In short, religious minority status increases the
vulnerability of these groups both inside and
outside of Syria, and in some cases poses an
existential threat to their survival.

Within these !ndings looms the question of
what these subjectivities mean for the ongoing
Con#ict and the eventual demographic and
political landscape of a post-Con#ict Syria, in
addition to their implications for the fate of
Syrian minority communities themselves. As
the Con#ict enters its fourth year with no
indications of reconciliation in sight, ever larger
numbers of minorities will be compelled to
leave Syria and take refuge in foreign countries.
This would suggest that the future of many
Syrian minorities lies in diaspora, and that
Syria's former diversity will become yet another
victim of the Syrian Con#ict. This loss
notwithstanding, what the absence of minority
voices on the social and political hemispheres
will mean remains to be seen.

While this study uncovered revealing insights
on Syrian religious minority perspectives,
future research is needed to gain a more
comprehensive and ongoing understanding of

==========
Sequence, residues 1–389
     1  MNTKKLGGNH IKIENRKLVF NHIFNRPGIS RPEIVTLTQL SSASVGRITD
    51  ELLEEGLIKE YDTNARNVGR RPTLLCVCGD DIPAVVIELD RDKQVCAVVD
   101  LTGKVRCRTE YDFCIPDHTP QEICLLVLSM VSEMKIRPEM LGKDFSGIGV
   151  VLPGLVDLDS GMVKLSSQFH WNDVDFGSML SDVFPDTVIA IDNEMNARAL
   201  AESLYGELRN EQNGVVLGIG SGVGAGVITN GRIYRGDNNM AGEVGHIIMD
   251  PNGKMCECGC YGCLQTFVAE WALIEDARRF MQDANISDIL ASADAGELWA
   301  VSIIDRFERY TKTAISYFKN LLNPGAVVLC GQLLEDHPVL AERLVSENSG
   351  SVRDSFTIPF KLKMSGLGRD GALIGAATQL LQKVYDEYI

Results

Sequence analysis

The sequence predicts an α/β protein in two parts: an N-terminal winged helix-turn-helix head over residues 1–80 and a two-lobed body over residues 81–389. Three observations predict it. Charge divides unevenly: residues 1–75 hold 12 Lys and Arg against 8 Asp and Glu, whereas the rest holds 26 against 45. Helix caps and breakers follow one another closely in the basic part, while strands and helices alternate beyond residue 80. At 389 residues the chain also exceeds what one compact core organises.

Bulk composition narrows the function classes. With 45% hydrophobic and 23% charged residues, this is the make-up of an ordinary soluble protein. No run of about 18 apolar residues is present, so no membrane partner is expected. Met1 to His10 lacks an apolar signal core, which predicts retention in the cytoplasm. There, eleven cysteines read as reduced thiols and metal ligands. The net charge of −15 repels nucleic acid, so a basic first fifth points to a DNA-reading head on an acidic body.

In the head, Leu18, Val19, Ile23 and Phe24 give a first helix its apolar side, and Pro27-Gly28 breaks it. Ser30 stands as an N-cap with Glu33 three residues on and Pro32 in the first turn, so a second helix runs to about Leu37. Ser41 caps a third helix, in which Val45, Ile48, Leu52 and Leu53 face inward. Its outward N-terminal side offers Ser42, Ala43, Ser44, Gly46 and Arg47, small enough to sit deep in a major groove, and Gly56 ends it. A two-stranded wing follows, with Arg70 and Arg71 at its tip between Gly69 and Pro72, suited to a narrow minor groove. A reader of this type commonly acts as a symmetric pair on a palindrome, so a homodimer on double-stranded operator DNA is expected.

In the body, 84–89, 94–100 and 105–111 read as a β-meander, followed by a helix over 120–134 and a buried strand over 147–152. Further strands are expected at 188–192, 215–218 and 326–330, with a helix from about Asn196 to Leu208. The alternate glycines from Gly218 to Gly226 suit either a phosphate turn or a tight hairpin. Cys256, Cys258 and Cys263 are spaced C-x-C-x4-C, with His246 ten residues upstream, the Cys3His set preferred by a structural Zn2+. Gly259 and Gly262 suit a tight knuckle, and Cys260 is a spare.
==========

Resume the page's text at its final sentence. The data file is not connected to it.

the well being and migration of religious
minorities. Future studies will ideally employ
wider samplings of minorities living in countries
of refuge to note whether patterns can be
observed across larger populations. Further
research should also try to gain access to
minority groups who have remained in or
returned to Syria, to note any disparities
between their well-being and that of their
counterparts in refuge.

It is SREO’s intention that these !ndings will
form a baseline for future research that will
further document the experi ences and
perspectives of these groups as the Syrian
Con#ict continues, ultimately proposing ways
to facilitate group relations and promote
mi nori ty saf ety, thereby ensuri ng the
demographic diversity of Syria.
www.sreo.org   40